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Differences in Susceptibility to Heat Stress along the Chicken Intestine and the Protective Effects of Galacto-Oligosaccharides.

Varasteh S, Braber S, Akbari P, Garssen J, Fink-Gremmels J - PLoS ONE (2015)

Bottom Line: High ambient temperatures negatively affect the human well-being as well as animal welfare and production.The parameters measured in different parts of the intestines included the genes (qPCR) HSF1, HSF3, HSP70, HSP90, E-cadherin, claudin-1, claudin-5, ZO-1, occludin, TLR-2, TLR-4, IL-6, IL-8, HO-1, HIF-1α) and their associated proteins HSP70, HSP90 and pan-cadherin (western blots).In conclusion, our results demonstrate the differences in susceptibility to heat stress along the intestine, where the most obvious modification in gene expression is observed in ileum, while dietary GOS only prevent the heat stress-related changes in jejunum.

View Article: PubMed Central - PubMed

Affiliation: Division of Veterinary Pharmacy, Pharmacology and Toxicology, Utrecht University, Utrecht, The Netherlands; Division of Pharmacology, Utrecht Institute for Pharmaceutical Sciences, Faculty of Science, Utrecht University, Utrecht, The Netherlands.

ABSTRACT
High ambient temperatures negatively affect the human well-being as well as animal welfare and production. The gastrointestinal tract is predominantly responsive to heat stress. The currently available information about the multifaceted response to heat stress within different parts of the intestine is limited, especially in avian species. Hence, this study aims to evaluate the heat stress-induced sequence of events in the intestines of chickens. Furthermore, the gut health-promoting effect of dietary galacto-oligosaccharides (GOS) was investigated in these heat stress-exposed chickens. Chickens were fed a control diet or diet supplemented with 1% or 2.5% GOS (6 days) prior to and during a temperature challenge for 5 days (38-39°C, 8h per day). The parameters measured in different parts of the intestines included the genes (qPCR) HSF1, HSF3, HSP70, HSP90, E-cadherin, claudin-1, claudin-5, ZO-1, occludin, TLR-2, TLR-4, IL-6, IL-8, HO-1, HIF-1α) and their associated proteins HSP70, HSP90 and pan-cadherin (western blots). In addition, IL-6 and IL-8 plasma concentrations were measured by ELISA. In the jejunum, HSF3, HSP70, HSP90, E-cadherin, claudin-5, ZO-1, TLR-4, IL-6 and IL-8 mRNA expression and HSP70 protein expression were increased after heat stress exposure and a more pronounced increase in gene expression was observed in ileum after heat stress exposure, and in addition HSF1, claudin-1 and HIF-1α mRNA levels were upregulated. Furthermore, the IL-8 plasma levels were decreased in chickens exposed to heat stress. Interestingly, the heat stress-related effects in the jejunum were prevented in chickens fed a GOS diet, while dietary GOS did not alter these effects in ileum. In conclusion, our results demonstrate the differences in susceptibility to heat stress along the intestine, where the most obvious modification in gene expression is observed in ileum, while dietary GOS only prevent the heat stress-related changes in jejunum.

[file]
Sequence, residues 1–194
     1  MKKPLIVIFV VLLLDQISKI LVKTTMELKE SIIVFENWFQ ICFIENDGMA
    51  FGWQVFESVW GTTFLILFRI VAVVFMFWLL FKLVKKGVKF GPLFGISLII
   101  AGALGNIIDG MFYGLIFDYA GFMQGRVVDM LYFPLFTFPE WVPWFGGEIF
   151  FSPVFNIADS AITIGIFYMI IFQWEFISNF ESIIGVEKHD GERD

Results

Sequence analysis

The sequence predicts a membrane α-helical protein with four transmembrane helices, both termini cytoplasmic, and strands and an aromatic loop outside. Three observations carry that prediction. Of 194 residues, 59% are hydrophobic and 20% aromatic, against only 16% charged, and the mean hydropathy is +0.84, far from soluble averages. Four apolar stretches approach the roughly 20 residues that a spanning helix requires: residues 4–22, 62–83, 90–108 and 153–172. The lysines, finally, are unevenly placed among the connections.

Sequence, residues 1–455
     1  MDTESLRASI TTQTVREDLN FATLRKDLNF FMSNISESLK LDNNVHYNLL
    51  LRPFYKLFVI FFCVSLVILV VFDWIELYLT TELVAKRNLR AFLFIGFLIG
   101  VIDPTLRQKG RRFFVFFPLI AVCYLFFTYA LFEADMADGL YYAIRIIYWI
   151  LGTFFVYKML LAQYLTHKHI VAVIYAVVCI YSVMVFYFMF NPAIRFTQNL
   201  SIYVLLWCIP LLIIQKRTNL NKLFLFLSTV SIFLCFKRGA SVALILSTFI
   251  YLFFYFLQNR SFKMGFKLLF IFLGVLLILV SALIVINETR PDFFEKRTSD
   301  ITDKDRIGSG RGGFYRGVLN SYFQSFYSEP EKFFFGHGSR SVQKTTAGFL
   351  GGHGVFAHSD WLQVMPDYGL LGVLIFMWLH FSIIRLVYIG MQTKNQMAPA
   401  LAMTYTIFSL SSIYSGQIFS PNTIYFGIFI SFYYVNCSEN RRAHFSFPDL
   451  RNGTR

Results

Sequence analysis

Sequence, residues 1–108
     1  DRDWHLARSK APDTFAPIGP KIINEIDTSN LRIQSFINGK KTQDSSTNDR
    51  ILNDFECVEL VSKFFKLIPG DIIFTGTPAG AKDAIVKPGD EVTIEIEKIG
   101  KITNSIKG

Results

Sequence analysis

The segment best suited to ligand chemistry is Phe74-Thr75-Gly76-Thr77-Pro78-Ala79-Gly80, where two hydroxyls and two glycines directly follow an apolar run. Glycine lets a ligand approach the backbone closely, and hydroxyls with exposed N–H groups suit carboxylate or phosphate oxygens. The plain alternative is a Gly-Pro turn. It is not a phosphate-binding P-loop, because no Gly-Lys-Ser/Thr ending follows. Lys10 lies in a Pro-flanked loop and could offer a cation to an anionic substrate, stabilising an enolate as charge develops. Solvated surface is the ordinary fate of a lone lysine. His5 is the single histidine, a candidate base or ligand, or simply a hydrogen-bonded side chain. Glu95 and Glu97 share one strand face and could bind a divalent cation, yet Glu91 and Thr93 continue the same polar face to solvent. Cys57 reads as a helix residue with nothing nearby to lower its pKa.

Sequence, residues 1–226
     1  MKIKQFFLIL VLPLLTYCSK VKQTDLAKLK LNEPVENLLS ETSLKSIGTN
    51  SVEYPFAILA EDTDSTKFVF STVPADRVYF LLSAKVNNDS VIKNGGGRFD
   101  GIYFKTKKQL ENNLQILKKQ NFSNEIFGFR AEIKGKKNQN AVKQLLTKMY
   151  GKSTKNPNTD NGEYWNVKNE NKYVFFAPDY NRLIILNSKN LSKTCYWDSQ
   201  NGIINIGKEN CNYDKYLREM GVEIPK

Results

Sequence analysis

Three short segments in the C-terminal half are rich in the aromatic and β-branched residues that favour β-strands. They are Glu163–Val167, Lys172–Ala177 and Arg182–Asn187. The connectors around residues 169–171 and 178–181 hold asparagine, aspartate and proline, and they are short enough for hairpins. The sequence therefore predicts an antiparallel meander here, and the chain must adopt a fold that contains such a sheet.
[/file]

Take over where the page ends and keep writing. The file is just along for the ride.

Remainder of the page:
No MeSH data available.


Related in: MedlinePlus